A near constant stream of reports about the negative impact of the cost-of-living crisis on the nation’s health – and about the government’s failure to address the problem – have hit the headlines in recent months. 

Last week HSJ published the results of an FoI request for data from the NHS Business Service Authority relating to the NHS low-income scheme. This revealed that in 2022 there had been a 35 per cent year-on-year increase in applications under the scheme that offers help with prescription charges, dental fees and the costs of travelling to NHS treatments.

The FoI request followed on from two surveys that surfaced earlier this year. The first, conducted over the last three months of 2022 by Healthwatch, helps explain the surge in low-income scheme applications identified by HSJ. 

The health watchdog found that respondents were increasingly avoiding getting prescriptions and over-the-counter (OTC) medications, and were refraining from booking NHS appointments – especially dental check-ups. This was not only because of the up-front charges, but also the incidental, associated costs relating to travel, phone and broadband usage.

More than a third of the respondents – nearly 40 per cent – said cutting back in this way, in addition to not turning on the heating and cutting back on food, had negatively affected their mental and physical health.

A month later, in February this year, the Royal Pharmaceutical Society (RPS) released the results of a survey that again showed the cost-of-living crisis was having an impact on the take-up of prescription medicines.

Around 50 per cent of pharmacists who responded said they’d seen an increase in patients not collecting their prescription, or patients asking which items on their prescription they could “do without” because of cost considerations. And around two-thirds of respondents reported an increase in being asked if there was a cheaper OTC substitute for the medicine they’d been prescribed.

Meanwhile, last month saw the release of a survey commissioned by the Joseph Rowntree Foundation (JRF) showing that more than 25 per cent of adults in Scotland have had to access the NHS because of the impact of the cost-of-living crisis on their mental or physical health. 

JRF spokesman Chris Birt told the Sunday Post, “Unacceptable levels of poverty and high prices mean that it can be all but impossible for many families to live in the warm home we all need, or provide the regular, nutritious and cooked meals that keep us healthy… This cycle of health inequality is an injustice that is failing our people and turning up the pressure on the NHS.”

Responding to the newspaper’s coverage of the report, a DHSC spokeswoman offered a flurry of defensive statistics, but on the core issue of rising food and energy prices only suggested that, “We have a plan to halve inflation.” Unsurprisingly, they made no reference to last month’s increase in charges for prescriptions (up by 30p) and NHS dental fees (up 8.5 per cent).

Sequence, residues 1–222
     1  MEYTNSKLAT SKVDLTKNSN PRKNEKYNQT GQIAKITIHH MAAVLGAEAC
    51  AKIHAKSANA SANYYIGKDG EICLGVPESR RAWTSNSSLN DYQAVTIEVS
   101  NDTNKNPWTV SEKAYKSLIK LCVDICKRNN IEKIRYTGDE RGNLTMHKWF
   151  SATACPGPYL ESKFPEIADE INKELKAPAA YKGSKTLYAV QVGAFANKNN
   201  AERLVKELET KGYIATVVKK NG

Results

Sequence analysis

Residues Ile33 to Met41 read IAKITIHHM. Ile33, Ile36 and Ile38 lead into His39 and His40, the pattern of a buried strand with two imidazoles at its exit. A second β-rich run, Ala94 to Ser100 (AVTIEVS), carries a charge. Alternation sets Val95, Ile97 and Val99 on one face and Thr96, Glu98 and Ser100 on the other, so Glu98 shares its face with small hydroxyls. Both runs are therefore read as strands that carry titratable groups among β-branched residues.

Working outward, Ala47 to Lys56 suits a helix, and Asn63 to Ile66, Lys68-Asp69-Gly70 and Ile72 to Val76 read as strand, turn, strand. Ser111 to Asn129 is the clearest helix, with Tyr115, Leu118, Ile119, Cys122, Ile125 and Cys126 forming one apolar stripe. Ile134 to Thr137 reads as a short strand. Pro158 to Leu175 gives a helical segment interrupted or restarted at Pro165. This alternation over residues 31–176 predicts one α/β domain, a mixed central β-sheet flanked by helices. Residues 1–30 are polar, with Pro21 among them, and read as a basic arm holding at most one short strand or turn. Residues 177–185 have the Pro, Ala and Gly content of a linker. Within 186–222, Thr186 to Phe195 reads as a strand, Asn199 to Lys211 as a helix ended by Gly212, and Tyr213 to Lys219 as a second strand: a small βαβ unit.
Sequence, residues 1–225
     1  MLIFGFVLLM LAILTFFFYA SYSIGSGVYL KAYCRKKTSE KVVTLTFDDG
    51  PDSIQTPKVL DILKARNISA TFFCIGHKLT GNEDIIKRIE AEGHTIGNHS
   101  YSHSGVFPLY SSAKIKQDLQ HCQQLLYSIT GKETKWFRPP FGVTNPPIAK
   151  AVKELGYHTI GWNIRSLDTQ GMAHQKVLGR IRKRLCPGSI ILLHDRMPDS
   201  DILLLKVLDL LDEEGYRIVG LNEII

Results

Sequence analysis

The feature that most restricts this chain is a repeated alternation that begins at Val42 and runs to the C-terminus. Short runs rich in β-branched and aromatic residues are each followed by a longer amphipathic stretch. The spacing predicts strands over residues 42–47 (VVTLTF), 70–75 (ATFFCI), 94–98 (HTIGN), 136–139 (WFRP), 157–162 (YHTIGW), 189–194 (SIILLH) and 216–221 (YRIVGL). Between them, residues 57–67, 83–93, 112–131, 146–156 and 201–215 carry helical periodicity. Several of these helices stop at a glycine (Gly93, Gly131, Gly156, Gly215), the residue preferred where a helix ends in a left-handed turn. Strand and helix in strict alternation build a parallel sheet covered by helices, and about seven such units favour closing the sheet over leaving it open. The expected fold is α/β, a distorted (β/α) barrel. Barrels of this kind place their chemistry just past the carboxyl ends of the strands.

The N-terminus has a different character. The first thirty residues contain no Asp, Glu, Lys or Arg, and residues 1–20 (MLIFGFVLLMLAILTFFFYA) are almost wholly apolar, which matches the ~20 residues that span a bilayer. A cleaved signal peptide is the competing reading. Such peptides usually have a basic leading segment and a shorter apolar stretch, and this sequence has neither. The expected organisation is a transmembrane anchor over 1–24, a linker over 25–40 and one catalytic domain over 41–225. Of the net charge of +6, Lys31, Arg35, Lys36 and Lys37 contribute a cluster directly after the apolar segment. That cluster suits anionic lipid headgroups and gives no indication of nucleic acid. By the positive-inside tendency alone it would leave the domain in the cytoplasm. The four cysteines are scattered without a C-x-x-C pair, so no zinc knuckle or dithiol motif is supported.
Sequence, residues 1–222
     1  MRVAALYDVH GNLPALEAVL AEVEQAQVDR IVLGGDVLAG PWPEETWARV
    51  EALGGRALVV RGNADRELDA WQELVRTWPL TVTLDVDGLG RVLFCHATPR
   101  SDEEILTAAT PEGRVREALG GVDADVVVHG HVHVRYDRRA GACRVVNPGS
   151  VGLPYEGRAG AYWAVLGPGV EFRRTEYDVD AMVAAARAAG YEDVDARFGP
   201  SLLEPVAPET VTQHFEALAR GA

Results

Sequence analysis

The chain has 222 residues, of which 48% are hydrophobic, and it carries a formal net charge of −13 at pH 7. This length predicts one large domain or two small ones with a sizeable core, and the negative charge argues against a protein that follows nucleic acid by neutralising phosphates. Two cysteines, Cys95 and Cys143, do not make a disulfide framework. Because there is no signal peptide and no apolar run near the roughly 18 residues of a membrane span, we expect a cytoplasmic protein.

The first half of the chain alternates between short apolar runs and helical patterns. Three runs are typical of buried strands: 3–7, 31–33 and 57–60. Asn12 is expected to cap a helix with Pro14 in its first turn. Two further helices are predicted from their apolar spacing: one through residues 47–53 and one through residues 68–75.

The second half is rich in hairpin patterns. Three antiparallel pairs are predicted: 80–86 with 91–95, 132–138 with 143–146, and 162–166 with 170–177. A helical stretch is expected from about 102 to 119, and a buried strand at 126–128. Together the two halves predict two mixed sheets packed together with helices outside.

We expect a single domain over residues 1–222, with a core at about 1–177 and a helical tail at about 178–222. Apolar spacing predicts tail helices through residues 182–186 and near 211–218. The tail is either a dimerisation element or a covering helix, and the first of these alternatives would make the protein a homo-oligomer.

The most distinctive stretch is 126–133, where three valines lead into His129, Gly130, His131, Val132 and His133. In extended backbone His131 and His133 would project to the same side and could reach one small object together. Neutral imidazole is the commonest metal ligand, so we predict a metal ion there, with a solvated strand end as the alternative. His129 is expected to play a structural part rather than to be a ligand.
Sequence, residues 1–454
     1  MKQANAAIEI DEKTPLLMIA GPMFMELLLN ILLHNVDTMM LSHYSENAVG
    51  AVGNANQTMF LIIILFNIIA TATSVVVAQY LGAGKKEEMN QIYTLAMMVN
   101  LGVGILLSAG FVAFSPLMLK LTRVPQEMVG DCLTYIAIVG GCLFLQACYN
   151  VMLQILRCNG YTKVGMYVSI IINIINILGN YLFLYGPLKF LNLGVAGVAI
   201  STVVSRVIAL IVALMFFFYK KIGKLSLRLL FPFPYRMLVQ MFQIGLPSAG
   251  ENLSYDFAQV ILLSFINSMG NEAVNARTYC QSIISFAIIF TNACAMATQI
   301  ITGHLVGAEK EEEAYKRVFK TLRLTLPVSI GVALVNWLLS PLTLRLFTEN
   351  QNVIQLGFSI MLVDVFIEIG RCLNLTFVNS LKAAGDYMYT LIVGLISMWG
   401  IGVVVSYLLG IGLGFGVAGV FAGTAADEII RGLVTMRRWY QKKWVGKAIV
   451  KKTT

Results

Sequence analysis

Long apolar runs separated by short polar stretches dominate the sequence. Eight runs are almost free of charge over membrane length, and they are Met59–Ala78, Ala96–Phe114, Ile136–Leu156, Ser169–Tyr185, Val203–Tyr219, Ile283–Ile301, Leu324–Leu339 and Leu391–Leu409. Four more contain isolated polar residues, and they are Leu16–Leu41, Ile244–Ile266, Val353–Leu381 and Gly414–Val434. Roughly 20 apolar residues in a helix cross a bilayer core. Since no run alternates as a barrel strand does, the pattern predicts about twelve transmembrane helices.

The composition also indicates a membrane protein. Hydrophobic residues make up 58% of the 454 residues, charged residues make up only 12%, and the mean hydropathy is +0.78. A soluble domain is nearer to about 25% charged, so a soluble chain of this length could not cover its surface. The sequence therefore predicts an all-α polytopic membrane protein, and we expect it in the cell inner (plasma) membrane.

In the same week as the JRF report was published, the Institute for Public Policy Research (IPPR) thinktank’s Commission on Health and Prosperity released its first interim report – Healthy People, Prosperous Lives. This report pointed up how the Tories’ approach to managing the NHS over the past 13 years has impacted on both the nation’s health and its economy. 

With the prevalence of cancer, diabetes, depression and hypertension all at higher levels than they were in 2010, the IPPR estimated that individuals were now losing close to £2,000 each year in lost earnings due to poor physical and mental health, thereby reducing the size of the economy by as much as £43bn

This month saw two more reports, both of which echo the findings of the Healthwatch survey published back in January. Last week MPs sitting on the cross-party House of Commons environment, food and rural affairs committee published a report claiming that poor public transport and a relative lack of digital connectivity – both essential for many patients seeking access to health services – are contributing to poor mental health outcomes across rural communities in England.

And Citizens Advice released a survey on the same day, showing that almost one million people have disconnected their broadband during the past 12 months because they can no longer afford to pay for it – with those receiving Universal Credit most severely affected and most likely to have cancelled their contract.

2022 saw the publication of major reports from the British Medical Association, the Centre for Mental Health, the Health Foundation, the House of Commons Library and the Royal College of Paediatrics and Child Health – all dispassionately showing how poverty, linked to the cost-of-living crisis, is increasingly driving health inequalities. 

Those inequalities have led to charities like Dentaid having to step in to offer free dental care from its mobile clinics, to bolster provision formerly available from the rapidly shrinking NHS dental sector

They have also led to many middle-income patients now reluctantly paying up to £550 an hour to see a private GP, because so many NHS surgeries are severely over-stretched and under-resourced.

It’s perhaps best left to the JRF’s Chris Birt to sum up the direction we’re all heading in with this: “It’s wrong that so many people in a rich country are living shorter, less healthy lives because they can’t afford essentials, and it is also outrageous that we are at risk of overwhelming the NHS through a lack of action.” Quite.


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